Our convoy’s only planned Day 1 fuel-stop was at a road side refuel point called Cedar; located a few miles south of Nasiriya- remember the 507th Maintenance Company ambush?  Jessica Lynch? Yes, that Nasiriya.  The Cedar refuel point located on both road sides of Route Tampa encircled with barbed wire and sand bags, as a semi-permanent, semi-secure area, where military convoys refueled their vehicles and top off their oil and engine coolant; then continue on their way.

There was a bank of porta-johns of dubious cleanliness to relieve oneself and down-load the morning meal.  I opted for the ‘hey guys, do not drive off without me, I am checking the rear wheel’s air pressure’ method of relief during IED and other road stops versus using a nasty porta-john.  At that point, I did not need to compromise my basic sanitary requirements or expectations; eventually I succumbed to my new reality and dropped my standards.  I felt bad for female soldiers who had less choice, if they wanted any sort of privacy or cleanliness.

In order to survive a long convoy; eating a starchy meaty meal the night before was best.  While salads, fruits and vegetable meals are a healthier choice, a nasty porta-john awaits you.

Whenever our convoy stopped everyone got out and stood guard: looking for insurgents or secondary improvised explosive devices.   Fortunately, I saw neither.  I say ‘fortunately’ because I did not ‘want medals’, I did not want to ‘test myself’; I only wanted to arrive at Camp Speicher, safely.

I did not see any outwardly hostile acts by the local Iraqi villagers.  The Iraqis kept their distance, not moving towards our convoy and kept on with their lives, like we were not even there.  In the eyes of the Iraqi people, we just completed the transition from ‘liberators’ to ‘occupiers’.

We reached our over night rest area, convoy support center ‘Scania’, just after noon, stopping several times for Improvised Explosive Devices in the open, easily discovered and blown up in place by the explosive ordnance teams along our route.  Soon, easy to find IEDs became scarce as the insurgents perfected their deadly skills.  During the IED stops, I was too far back in the convoy to see anything or know what happened; I heard explosions when the IEDs were destroyed in place.

Convoy Support Center Scania provided military convoys’ fuel, food, some vehicle maintenance and a place to park their vehicles for an overnight rest.  It did not provide beds, so our HUMMVs and trucks were our motel. This was not be the first time I slept in a HUMMV or army truck.  Fortunately, the weather was good and the night was quiet, meaning no mortar or rocket attacks.  We all got full night’s rest.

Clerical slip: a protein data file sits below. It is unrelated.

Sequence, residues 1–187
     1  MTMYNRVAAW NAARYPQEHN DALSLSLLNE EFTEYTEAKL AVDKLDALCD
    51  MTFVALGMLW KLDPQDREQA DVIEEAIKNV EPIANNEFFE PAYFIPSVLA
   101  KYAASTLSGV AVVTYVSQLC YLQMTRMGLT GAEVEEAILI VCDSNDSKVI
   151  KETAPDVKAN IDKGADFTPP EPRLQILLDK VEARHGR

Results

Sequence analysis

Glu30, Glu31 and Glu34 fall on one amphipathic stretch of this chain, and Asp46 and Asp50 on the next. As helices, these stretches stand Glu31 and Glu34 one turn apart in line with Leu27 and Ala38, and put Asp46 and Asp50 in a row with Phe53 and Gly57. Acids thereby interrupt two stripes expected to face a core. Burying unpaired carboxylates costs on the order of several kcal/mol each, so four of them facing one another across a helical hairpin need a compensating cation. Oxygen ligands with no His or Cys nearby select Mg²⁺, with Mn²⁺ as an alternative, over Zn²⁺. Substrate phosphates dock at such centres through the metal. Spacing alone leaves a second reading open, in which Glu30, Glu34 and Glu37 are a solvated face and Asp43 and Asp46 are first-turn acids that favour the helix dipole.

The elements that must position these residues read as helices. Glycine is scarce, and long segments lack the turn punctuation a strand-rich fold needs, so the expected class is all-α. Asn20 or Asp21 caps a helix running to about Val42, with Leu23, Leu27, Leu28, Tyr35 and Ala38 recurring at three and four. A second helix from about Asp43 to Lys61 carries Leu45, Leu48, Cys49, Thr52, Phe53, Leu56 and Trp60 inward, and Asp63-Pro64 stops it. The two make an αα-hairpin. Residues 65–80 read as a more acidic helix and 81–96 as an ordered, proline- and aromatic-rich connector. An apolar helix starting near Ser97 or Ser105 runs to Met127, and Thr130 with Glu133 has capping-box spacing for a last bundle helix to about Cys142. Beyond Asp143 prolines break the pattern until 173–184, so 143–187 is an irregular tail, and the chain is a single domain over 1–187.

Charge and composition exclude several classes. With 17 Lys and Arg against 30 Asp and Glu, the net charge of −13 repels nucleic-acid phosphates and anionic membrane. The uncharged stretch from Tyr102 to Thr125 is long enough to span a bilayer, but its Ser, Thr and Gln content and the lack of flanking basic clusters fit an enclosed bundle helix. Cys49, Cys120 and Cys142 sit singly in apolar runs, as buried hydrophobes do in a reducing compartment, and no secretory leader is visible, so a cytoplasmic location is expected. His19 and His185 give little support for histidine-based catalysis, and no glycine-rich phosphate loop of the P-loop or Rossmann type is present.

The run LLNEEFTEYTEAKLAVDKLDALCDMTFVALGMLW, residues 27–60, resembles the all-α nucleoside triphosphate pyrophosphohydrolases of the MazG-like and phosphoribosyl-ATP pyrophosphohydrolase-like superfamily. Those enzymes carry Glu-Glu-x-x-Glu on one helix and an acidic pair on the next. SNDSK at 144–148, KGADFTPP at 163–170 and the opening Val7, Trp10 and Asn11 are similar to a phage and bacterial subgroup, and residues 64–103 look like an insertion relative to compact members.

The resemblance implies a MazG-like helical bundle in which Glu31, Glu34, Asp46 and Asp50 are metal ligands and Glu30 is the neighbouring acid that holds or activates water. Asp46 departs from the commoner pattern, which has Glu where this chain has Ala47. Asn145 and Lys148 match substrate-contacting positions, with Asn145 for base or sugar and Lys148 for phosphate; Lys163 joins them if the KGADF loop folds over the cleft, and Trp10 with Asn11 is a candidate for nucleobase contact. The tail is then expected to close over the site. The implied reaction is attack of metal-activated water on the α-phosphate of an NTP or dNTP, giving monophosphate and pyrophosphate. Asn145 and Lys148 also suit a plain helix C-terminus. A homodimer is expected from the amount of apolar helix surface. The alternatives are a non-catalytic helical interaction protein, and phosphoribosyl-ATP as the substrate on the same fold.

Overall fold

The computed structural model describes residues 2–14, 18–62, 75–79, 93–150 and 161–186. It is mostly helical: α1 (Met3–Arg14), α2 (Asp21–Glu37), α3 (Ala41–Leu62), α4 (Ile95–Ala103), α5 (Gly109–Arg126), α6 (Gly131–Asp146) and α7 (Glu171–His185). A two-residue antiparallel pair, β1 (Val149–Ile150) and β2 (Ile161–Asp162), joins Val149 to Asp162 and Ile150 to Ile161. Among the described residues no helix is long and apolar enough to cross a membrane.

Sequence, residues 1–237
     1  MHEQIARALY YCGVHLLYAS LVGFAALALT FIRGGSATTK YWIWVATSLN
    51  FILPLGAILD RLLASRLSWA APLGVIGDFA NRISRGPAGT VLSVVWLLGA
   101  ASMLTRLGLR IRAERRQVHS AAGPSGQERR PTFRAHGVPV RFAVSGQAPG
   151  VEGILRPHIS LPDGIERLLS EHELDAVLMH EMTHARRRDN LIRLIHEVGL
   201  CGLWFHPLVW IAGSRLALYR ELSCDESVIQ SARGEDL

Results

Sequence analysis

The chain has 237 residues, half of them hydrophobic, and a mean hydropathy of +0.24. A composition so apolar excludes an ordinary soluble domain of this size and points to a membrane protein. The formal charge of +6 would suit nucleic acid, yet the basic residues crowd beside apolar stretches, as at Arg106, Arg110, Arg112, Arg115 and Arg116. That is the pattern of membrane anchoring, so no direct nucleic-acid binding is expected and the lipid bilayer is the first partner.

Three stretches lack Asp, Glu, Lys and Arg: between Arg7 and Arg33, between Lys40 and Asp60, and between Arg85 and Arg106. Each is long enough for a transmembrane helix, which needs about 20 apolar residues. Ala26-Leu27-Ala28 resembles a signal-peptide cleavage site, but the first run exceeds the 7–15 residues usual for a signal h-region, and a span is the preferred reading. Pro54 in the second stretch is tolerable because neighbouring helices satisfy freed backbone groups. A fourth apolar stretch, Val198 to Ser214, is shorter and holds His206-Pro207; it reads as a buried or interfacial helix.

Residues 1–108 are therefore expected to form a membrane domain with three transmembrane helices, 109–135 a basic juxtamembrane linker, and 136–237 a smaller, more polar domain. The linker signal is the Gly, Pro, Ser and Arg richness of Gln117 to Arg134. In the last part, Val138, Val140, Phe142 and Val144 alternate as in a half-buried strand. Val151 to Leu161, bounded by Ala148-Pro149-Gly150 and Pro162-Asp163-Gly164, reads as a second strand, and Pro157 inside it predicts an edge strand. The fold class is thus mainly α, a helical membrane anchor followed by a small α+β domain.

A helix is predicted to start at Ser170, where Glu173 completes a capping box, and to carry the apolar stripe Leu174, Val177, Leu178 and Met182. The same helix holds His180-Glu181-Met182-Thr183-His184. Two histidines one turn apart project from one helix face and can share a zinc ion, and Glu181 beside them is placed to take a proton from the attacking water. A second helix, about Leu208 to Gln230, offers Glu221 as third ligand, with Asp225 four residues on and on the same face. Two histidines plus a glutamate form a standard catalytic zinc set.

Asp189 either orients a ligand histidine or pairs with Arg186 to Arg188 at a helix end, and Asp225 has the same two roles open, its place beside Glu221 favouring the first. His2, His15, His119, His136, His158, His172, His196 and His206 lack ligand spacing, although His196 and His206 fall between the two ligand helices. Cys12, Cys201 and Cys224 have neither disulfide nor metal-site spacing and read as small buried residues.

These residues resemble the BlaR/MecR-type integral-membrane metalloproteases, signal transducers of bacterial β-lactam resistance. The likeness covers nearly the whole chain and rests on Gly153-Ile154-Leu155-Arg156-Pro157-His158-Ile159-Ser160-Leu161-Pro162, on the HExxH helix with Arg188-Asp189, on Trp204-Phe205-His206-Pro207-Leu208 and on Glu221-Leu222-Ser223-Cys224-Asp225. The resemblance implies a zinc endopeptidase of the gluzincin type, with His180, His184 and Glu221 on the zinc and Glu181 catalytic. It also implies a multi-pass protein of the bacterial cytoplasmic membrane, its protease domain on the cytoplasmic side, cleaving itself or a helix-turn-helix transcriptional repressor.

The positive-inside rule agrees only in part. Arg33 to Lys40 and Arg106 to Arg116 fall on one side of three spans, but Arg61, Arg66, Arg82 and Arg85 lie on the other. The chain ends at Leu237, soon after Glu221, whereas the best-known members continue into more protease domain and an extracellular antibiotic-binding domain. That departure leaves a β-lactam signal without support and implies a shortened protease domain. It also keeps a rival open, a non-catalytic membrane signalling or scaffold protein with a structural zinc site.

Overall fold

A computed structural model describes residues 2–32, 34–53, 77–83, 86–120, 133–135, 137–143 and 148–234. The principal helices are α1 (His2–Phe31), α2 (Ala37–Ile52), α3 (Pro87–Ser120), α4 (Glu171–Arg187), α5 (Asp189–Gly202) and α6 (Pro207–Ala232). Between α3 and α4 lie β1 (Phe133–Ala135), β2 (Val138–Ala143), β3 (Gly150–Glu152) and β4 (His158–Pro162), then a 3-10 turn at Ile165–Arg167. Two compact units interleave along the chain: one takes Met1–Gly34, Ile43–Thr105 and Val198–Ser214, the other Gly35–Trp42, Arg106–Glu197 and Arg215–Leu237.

Day Two of the convoy north was mostly uneventful.  Driving thru Baghdad was surprisingly peaceful and not too scary.    Maybe it was the numerous US military check points or the Abrams tanks and Bradley armored fighting vehicles on the streets that kept the insurgents at bay.  The surrealism climaxed when I saw a cow standing on a huge pile of garbage eating whatever leafy greens the Iraqis did not pick through first.

The peaceful condition was just a thin, shiny veneer; a temporary situation which would soon change, come April.  Little did I know I would be a part of that change, and not in a good way.

A few miles after we passed Saddam’s home town of Tikrit, our convoy turned left on to the access road leading to Camp Speicher.  When we entered the safety of Camp Speicher, we all breathed a sigh of relief as we dismounted our vehicles and cleared our weapons, ensuring no one had a round in the weapons chamber that could be accidentally fired.

We were finally home and most importantly, safe.  Not completely safe, but relatively speaking it is much safer to be on a large base surrounded by wire and guards, than driving around outside the wire.  I must admit, driving around the Iraqi roads was mildly addicting.

Soon, my addiction would be well fed.